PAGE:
There are all sorts of threats to the European Union’s unity, but something tells me that the biggest threat isn’t the Visegrad group. This appears to be a view not shared by President Nicolas Sarkozy of France.
Speaking after the October 29-30 EU summit in Brussels, Sarkozy criticised the fact that the leaders of the four Visegrad countries – the Czech Republic, Hungary, Poland and Slovakia – had held a pre-summit meeting to co-ordinate their positions. “If they were to meet regularly before each Council, that would raise some questions,” Sarkozy said.
Would it, really? When I put this question the other day to a high-ranking official from a Visegrad country, he replied with a Sarkozy-like grimace on his face. The Visegrad group was, he said, as harmless as other EU regional subgroups, such as the Nordic trio (Denmark, Finland and Sweden), the Benelux countries (Belgium, Luxembourg and the Netherlands), the Iberians (Portugal and Spain) and Club Aristotle (Cyprus and Greece).
In truth, the most curious thing about the Visegrad group is that it still exists. No sooner had it been set up in 1991 after the fall of communism than, like some mysterious mitteleuropäisch cell, it mutated from three members into four with the break-up of Czechoslovakia. It held together largely because of the belief that strength in solidarity would accelerate the integration of the four into western security and economic structures – the EU and Nato.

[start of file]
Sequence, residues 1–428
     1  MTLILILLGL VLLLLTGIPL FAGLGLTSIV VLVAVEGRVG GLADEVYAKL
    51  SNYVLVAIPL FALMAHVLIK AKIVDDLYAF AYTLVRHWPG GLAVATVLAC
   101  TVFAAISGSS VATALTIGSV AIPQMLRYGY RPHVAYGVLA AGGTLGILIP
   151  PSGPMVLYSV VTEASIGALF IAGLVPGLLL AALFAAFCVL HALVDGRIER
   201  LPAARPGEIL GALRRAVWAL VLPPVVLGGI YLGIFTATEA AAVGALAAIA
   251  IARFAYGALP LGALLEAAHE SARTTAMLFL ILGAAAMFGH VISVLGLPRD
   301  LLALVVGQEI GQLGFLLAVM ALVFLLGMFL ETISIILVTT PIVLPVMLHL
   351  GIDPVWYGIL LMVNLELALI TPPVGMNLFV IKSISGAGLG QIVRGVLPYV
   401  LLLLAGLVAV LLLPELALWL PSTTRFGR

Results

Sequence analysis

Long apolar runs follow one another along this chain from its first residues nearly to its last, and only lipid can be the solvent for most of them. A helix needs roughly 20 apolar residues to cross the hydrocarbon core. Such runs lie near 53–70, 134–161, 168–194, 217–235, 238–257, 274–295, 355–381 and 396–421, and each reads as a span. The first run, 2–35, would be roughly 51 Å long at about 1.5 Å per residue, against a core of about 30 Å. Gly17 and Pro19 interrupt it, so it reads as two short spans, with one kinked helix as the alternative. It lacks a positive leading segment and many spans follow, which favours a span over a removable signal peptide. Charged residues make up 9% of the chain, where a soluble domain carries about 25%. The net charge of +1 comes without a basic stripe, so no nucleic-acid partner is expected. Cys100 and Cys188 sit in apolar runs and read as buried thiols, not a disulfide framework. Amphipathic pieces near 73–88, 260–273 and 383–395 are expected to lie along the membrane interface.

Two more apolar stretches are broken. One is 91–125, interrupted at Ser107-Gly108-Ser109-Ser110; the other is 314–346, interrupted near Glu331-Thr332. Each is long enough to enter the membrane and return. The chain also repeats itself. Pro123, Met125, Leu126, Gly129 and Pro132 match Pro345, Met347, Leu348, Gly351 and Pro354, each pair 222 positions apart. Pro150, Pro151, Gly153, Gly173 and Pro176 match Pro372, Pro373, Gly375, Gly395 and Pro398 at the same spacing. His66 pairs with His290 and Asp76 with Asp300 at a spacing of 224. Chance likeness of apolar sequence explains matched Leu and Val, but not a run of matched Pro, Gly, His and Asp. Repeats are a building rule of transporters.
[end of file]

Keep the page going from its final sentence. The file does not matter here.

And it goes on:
But the strains inside the group have never entirely gone away. Poland, the biggest member, tends to see itself as a kind of big brother, with a wider view on the world than the rest. The Poles no longer want to be treated in the EU as a mere regional player, a country defined by its proximity to places like Belarus and Ukraine. They want to be at the top table, next to France, Germany and the UK.
The Czech Republic tends to be regarded as the smarty-pants of the four, a perception reinforced by the Czech EU presidency in the first half of this year. The Czechs spent an awful lot of time telling everyone how they were superior to their neighbours, because their far-sighted policies had enabled them to escape the worst of the financial crisis. This know-all attitude didn’t exactly endear them to their EU partners.
Slovakia had a bad reputation in the 1990s because of the misrule of Vladimir Meciar, the former prime minister. But it then transformed itself so fast that it is now the only Visegrad country in the eurozone. However, there are continuing tensions over Slovakia’s ethnic Hungarian minority.
Hungary was hit hardest by the financial crisis. Its neighbours gave Hungary the cold shoulder in February when the government in Budapest proposed a €180bn emergency aid programme to recapitalise the banking systems of central and eastern Europe and reschedule foreign currency debt.
This in itself is proof, if any were needed, that Sarkozy’s suspicions are exaggerated. But then again, French opinions about the EU’s former communist countries have a rich history. After all, who was it who told the central and eastern Europeans at the start of the Iraq war that they had “missed a good opportunity to shut up”?
Step forward, ex-president Jacques Chirac.